Pleasant Food Photography Tips for Delicious Images
Still-life visuals of food for commercial purposes are known as food photography. This is used extensively for print advertising, surrounding media, menus, and cookbooks. Traditionally, food was showcased in fine china or carefully arranged on a decorated table. Now, the photographer’s best friends, apart from his loyal parents and assistants, are a colorful team of art directors, food stylists, and support stylists. Yes, packed with this creative team and a few trade secrets, it can make a splash in the commercial culinary photography scene.
Now, let’s get into the basics of how to shoot food effectively that leave consumers wanting more. Even bloggers and chefs can add such nice pictures to their text and get other readers to understand the nuances of what they eat.
Lamp & protection
Food photographs are best in white light. Yes, LEDs, softboxes, and canteens are ideal for this setup. Natural light with a diffuser is great, but again calculating the days and the location can affect this. A tungsten kitchen light does it, yellow or orange and evening light does it blue. Midday sunlight is the best white. However, this does not mean that you can shoot only at noon, whatever the conditions, you can white balance the same. According to the lighting, you can set the exposure compensation. This will help you make your picture darker (if it’s bleached out) or brighter (if it’s dull and dark).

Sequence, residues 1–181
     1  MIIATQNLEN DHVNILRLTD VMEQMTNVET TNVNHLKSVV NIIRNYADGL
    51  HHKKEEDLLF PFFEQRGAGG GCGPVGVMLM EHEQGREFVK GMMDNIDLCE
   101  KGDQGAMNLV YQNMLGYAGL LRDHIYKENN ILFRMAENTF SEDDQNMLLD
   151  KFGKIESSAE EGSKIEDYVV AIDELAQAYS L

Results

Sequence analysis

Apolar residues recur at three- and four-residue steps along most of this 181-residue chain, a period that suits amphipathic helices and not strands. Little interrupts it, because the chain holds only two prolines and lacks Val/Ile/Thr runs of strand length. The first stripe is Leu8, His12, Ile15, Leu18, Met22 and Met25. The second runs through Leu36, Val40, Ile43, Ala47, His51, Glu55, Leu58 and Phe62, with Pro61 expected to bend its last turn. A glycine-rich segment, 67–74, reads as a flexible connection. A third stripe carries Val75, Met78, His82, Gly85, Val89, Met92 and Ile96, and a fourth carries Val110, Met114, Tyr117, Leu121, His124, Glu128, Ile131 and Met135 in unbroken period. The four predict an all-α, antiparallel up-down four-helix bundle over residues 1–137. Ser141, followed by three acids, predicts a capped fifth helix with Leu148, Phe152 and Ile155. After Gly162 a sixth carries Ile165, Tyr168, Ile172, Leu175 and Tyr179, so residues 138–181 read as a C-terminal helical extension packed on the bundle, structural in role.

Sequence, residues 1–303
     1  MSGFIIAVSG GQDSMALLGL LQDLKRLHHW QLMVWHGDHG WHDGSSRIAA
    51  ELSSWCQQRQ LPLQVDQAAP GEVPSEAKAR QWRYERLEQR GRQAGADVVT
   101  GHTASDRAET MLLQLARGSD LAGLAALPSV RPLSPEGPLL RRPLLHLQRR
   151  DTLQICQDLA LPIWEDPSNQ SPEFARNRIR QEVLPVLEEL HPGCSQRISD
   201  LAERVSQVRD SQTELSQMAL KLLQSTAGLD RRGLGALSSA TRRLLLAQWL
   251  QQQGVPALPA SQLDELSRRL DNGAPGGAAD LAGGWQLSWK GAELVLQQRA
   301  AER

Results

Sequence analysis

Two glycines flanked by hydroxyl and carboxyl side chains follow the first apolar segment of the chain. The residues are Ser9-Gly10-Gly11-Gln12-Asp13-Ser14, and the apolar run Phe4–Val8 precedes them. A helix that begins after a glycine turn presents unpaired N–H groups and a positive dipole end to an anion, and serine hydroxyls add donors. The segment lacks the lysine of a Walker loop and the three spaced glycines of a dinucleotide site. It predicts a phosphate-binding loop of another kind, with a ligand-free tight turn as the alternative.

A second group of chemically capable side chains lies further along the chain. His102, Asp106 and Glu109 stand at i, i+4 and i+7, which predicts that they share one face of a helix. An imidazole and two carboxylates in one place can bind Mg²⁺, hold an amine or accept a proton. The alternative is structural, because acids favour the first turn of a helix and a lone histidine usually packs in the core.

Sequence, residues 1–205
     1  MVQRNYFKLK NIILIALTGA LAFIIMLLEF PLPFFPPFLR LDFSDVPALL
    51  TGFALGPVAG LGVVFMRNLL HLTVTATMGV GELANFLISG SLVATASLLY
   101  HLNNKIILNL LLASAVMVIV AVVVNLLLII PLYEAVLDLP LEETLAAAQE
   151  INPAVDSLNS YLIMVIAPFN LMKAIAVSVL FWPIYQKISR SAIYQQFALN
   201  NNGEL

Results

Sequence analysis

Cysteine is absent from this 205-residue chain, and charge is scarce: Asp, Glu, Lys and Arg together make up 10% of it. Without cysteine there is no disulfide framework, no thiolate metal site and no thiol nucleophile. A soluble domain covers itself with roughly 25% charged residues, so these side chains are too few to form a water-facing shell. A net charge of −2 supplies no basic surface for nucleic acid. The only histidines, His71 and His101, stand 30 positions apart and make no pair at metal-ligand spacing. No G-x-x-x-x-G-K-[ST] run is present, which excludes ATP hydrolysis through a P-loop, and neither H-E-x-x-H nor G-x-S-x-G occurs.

Props and styling it
The arrangement of food, whether on a plate, ball, or kitchen deck, is important. Don’t overcrowd the space with too many extras like flowers or forks or napkins or champagne flutes. The balance must be pleasing to the eye and can be placed in lateral positions with a blurred foreground or background according to the composition. Attention to detail is a must. There must be balance in the food shot – colors, shapes, and structure. Everyone must also apply the concept of the baseline and the rule of thirds. Anyone can enhance the shot even by consuming non-food items for a rich look. For example, shaving cream swirls edible sour cream and steams to deliver piping-hot meals.
Angles and macros
Everyone should always shoot, food from below closes the view or is almost at eye level. Newbies shoot food from above, which is a lower way to display food. Anyone can shoot from a distance with a long lens that, walking in the vicinity of the food. The photographer has to be quick to capture the moment, change lenses, and so on. Food tends to wilt or lose its gloss and color fairly quickly.
By adjusting the ISO, and the depth of field according to the conditions, everyone can get better pictures without it. Flash should also be avoided to avoid uneven lighting patterns that can leave food looking sticky. Ideally, post-processing should go a long way to add some shine, move colors, and sharpen elements, and so on. A well-airbrushed food picture is often irresistible!